Management Sciences for Health (MSH), the Global Financing Facility (GFF), and the Partnership for Maternal, Newborn, and Child Health (PMNCH) have announced the recipients of the first round of funding from the Small Grants Mechanism to support civil society engagement, alignment, and coordinated action for improved women’s, children’s, and adolescents’ health (WCAH), particularly in relation to the GFF.
Civil society organizations (CSOs) significantly contribute to improved health outcomes through inclusive and meaningful participation of marginalized and vulnerable populations, advocacy for increased service availability, equity and access, and their role in holding all actors accountable for delivering on their promises.
However, CSOs do not often have the capacity or resources to align priorities and plan effectively as a group in order to increase their efficiency and impact. The Small Grants Mechanism aims to improve civil society coordination and ensure meaningful participation in multi-stakeholder platforms to support national efforts to improve health outcomes for women, children, and adolescents.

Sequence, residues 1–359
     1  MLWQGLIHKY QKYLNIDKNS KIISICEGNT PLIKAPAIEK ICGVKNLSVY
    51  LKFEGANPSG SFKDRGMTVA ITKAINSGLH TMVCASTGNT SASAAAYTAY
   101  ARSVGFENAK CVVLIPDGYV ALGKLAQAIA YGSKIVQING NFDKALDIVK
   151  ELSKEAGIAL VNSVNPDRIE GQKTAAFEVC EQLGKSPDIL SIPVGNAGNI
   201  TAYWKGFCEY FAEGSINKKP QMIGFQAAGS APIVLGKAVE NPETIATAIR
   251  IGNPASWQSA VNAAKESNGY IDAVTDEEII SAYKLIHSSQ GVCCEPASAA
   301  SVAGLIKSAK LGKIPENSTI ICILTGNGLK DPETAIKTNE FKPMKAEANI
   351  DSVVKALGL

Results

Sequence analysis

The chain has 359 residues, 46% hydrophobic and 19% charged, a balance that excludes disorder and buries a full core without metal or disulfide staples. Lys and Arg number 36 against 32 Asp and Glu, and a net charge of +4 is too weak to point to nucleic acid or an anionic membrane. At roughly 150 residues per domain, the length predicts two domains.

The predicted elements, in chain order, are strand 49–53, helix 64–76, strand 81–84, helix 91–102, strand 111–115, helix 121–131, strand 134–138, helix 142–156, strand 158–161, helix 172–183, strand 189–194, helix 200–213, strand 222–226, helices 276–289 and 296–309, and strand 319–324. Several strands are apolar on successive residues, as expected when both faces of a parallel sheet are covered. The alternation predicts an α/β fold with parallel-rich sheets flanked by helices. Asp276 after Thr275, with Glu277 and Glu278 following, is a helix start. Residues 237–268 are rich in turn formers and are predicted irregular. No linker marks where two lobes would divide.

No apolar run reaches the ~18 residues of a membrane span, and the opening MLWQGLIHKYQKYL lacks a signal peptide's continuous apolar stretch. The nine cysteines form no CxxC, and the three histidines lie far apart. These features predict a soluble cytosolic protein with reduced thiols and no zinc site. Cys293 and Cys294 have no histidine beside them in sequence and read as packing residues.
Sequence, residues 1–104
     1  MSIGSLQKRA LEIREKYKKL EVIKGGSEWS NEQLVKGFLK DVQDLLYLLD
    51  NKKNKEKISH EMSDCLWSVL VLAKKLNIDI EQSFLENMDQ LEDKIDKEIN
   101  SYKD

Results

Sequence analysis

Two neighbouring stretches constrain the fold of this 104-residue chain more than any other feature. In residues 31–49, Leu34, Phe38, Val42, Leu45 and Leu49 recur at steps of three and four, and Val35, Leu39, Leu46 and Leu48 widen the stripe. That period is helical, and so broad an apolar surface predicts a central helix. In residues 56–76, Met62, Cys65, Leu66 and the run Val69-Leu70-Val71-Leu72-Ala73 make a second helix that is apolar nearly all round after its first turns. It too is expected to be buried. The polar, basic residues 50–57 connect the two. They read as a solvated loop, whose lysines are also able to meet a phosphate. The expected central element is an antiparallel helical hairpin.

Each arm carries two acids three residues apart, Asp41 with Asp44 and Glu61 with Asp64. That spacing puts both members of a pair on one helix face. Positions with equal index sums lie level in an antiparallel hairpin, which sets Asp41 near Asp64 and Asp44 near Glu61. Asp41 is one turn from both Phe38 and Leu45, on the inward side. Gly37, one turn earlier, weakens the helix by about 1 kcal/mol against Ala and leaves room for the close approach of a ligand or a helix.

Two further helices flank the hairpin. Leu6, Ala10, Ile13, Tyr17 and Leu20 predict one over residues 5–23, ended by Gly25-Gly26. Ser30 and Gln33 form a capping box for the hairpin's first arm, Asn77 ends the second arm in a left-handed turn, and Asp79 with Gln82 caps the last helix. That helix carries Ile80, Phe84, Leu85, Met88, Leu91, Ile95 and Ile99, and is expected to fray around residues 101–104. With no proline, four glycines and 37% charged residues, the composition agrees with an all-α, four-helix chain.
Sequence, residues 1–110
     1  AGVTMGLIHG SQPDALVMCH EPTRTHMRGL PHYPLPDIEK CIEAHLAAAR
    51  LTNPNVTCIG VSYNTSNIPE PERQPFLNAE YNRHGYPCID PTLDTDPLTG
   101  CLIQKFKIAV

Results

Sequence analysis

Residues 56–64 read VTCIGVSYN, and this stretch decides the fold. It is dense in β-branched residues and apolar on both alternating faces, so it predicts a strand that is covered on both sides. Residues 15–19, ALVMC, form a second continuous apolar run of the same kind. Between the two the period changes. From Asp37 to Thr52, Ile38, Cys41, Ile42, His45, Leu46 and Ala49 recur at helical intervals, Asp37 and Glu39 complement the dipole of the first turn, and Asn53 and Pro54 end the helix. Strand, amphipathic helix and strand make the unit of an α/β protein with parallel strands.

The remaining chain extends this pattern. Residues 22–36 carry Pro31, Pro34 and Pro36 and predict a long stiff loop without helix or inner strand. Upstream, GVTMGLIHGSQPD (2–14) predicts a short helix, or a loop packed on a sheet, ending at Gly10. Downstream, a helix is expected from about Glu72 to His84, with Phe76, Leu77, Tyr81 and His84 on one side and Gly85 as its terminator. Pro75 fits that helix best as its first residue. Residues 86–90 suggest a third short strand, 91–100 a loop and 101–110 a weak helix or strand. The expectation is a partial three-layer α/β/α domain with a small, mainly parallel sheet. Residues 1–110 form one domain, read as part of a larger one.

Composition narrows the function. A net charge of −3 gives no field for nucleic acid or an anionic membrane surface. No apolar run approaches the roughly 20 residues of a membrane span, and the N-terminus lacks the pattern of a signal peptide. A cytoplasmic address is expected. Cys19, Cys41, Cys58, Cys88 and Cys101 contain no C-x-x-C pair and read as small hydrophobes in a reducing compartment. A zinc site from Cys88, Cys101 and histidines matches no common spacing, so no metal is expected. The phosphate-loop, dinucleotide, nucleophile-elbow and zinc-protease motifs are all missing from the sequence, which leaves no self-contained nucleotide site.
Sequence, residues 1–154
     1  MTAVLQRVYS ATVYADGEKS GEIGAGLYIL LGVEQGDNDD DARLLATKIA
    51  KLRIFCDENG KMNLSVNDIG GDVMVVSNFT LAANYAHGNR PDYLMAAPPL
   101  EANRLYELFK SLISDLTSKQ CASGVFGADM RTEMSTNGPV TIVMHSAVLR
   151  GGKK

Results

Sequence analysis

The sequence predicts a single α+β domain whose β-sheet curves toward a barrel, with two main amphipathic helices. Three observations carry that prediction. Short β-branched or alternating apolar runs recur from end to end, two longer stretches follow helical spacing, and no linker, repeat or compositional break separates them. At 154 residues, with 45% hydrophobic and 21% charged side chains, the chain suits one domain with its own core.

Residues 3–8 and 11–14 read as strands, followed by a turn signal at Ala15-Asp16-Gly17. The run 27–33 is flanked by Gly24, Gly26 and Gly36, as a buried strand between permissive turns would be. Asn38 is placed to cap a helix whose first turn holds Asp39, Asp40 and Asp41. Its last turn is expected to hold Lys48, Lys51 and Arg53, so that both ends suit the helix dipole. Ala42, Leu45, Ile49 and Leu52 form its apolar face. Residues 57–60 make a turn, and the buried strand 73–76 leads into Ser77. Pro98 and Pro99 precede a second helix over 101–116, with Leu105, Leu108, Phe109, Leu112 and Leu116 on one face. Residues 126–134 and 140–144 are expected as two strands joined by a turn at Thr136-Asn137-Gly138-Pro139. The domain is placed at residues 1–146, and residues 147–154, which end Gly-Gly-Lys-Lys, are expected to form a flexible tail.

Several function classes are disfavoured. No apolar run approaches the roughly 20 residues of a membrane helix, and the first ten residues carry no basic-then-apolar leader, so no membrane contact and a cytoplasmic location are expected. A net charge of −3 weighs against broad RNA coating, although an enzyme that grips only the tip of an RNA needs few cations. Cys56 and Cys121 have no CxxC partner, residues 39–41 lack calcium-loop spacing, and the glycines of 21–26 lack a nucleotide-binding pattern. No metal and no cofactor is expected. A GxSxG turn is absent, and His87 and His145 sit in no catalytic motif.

With the funding from the Small Grants Mechanism, civil society coalitions from Burkina Faso, Cambodia, Cameroon, Kenya, Malawi, Mozambique, Nigeria, Rwanda, and Uganda will support increased civil society engagement in national planning for improved health outcomes for women, children and adolescents.
These coalitions will also work to increase civil society engagement in multi-stakeholder platforms, and support coordinated advocacy and accountability efforts for increased resources and improved WCAH and nutrition outcomes in their countries, particularly in those countries with ongoing GFF processes.
Funding for the Small Grants Mechanism is made possible through the generous support of the Global Financing Facility and the Partnership for Maternal, Newborn, and Child Health. Management Sciences for Health hosts the Small Grants Mechanism.
A second call for proposals for small grant applications will be issued in mid-2020.